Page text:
Old School Social - Getting the Scoop at Currituck's Bait & Tackle Shops

By Amy Gaw | Tuesday, July 3, 2018

That this area is a great place to fish is an understatement. Currituck County is uniquely positioned among brackish sounds, freshwater ponds, black-water swamps and the salty Atlantic Ocean to offer one of the most diverse selections of seafood in the entire country. Generations of local families have been fishing here for hundreds of years, and they know how to get it done, no matter the salinity of the water. Locals also know the sweet spots for shrimp and blue crabs, and they know that no species is going to be caught in the same way as any other and definitely not with the same bait. For outsiders, finding a good bait and tackle shop and seeking their advice is the secret to getting the good fish stories started.

Currituck Sports on the mainland in Barco is on the top of the list for getting to know a few legendary, local fish-tale tellers. Stopping by is like revisiting history. When stepping onto the front porch, a sense of place becomes immediately apparent, and the feeling is affirmed upon walking through the front door. The circle of mismatched chairs in the middle of the room sets the scene, even when they are unoccupied. Stories are just hanging in the air around them, waiting to be spun.

“Come back about 5:30 in the mornin’,” says Curley J. Mills, who provides bait and helps run the store for owners Ed and Sybil Lane O’Neal. “That’s when all the good stories are told. That’s when the regulars come in. Ed opens at 5 and then the rest follow.” 

Currituck Sports was opened in 1969 by Sybil’s parents, Willa and Ralph Lane. The storms weathered by both the inhabitants and the building have ceased to be counted, though you can find marks on door jams referencing several of them by name. Fishing and hunting displays cover the bare plywood floors, the walls are filled with history-laden memorabilia, and the coolers are filled with everything from bloodworms to squid to chicken necks. There is a deep comfort here, a calming energy, almost like being in a grandparent’s home.  

Listening in to the locals talk shop, recollections heard are often shared with the deepest appreciation of family and tradition. Stories are funny and clever and always told with a deep awareness of and respect for the giving and the taking of the local waters. Fishing can be dangerous, and even some of the most seaworthy and beloved have not returned to shore. Those who have been caught up in fishing line, felt their waders fill or heard a motor die and returned to tell about it form strong and immediate bonds. Their experiences are told and then retold at places like these so they will not be lost. These stories are rarely found on social media. This is old-school social.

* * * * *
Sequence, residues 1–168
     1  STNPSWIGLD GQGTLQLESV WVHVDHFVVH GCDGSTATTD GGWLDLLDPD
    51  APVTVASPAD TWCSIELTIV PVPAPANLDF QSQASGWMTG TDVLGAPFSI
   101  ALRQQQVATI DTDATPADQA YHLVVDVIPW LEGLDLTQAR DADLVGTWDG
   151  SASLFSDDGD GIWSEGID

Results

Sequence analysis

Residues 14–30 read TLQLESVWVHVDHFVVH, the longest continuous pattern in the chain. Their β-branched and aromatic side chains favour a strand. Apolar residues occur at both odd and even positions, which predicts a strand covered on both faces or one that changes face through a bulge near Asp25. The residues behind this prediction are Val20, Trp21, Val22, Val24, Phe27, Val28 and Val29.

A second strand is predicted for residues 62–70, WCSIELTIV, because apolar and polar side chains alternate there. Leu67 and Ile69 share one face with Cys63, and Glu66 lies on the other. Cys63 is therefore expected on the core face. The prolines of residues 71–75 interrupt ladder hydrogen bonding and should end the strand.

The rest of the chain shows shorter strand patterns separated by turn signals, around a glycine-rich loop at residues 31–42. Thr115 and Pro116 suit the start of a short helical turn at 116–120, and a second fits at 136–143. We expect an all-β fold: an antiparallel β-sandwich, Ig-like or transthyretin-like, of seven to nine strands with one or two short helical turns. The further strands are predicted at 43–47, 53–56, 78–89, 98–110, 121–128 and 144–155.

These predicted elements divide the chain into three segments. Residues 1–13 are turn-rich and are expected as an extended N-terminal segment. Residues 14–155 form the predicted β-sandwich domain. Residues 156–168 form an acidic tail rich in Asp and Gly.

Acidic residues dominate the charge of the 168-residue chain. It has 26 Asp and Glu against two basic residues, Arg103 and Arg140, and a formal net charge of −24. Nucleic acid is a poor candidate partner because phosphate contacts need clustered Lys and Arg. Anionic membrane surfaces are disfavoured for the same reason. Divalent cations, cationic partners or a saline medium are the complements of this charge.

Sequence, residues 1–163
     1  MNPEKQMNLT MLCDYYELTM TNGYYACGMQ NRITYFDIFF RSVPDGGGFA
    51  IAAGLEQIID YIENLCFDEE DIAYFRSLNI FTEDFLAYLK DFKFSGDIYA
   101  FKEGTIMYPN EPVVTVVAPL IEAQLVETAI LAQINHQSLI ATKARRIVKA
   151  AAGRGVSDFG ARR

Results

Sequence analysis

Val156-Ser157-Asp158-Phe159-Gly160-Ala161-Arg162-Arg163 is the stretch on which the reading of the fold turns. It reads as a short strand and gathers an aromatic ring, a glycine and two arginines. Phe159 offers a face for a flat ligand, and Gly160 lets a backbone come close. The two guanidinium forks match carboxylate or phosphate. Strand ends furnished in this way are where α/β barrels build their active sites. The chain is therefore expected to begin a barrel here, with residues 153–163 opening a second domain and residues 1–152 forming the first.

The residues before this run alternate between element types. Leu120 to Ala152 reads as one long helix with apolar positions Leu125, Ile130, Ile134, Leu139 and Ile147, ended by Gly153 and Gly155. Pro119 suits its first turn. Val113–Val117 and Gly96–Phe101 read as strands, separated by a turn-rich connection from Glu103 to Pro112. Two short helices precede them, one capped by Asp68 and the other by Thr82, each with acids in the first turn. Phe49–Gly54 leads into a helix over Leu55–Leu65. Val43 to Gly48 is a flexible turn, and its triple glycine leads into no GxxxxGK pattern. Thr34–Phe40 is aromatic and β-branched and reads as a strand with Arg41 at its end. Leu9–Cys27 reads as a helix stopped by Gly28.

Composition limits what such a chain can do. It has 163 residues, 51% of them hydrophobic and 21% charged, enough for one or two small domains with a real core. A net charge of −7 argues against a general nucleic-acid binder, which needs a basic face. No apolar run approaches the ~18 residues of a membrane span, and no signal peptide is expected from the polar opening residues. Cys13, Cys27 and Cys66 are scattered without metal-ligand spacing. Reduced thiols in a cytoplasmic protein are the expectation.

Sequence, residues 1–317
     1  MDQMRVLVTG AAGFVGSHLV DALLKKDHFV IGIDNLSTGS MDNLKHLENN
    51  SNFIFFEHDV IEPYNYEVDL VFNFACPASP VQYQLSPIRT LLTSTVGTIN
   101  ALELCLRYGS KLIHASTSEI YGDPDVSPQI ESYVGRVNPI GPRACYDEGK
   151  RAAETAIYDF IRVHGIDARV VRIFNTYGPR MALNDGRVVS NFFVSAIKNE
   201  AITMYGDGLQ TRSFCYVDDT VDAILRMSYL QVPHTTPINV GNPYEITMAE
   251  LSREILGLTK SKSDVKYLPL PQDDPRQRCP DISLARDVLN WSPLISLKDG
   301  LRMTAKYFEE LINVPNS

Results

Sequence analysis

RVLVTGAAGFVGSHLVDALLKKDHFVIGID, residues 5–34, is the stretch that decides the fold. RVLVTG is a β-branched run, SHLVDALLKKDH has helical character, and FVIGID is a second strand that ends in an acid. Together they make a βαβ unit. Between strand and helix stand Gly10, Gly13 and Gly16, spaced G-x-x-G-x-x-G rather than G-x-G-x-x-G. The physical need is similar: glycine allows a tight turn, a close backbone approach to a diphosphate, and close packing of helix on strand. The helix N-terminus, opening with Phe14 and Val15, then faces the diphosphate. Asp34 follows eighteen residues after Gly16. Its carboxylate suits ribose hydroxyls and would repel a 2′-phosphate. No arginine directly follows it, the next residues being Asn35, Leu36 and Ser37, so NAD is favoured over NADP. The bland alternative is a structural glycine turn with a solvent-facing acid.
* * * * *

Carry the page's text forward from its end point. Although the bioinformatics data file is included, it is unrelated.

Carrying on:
Tales told are about all sorts of harrowing feats, sudden weather changes, unusual catches and gracious bounties as well as the simple stories of the determination and grit of the local community that depends on wild-caught seafood. There are love stories and lessons about neighbors and kin and even a few of the folks who pass through every year; what is caught is only sometimes the most important part of the story. 

Occasionally stories even get out about the regulars themselves, especially one in particular who crafts fine and highly prized Currituck shove poles. Originally used to navigate shallow ponds and sounds where motors were prohibitive, the long, narrow, handcrafted, hardwood poles have garnered Currituck native Newton Hampton a fan club. Made from a single piece of ash, the same wood used to make baseball bats, the poles have been spotted on all sorts of boats doing a variety of jobs, most involving pushing away from something.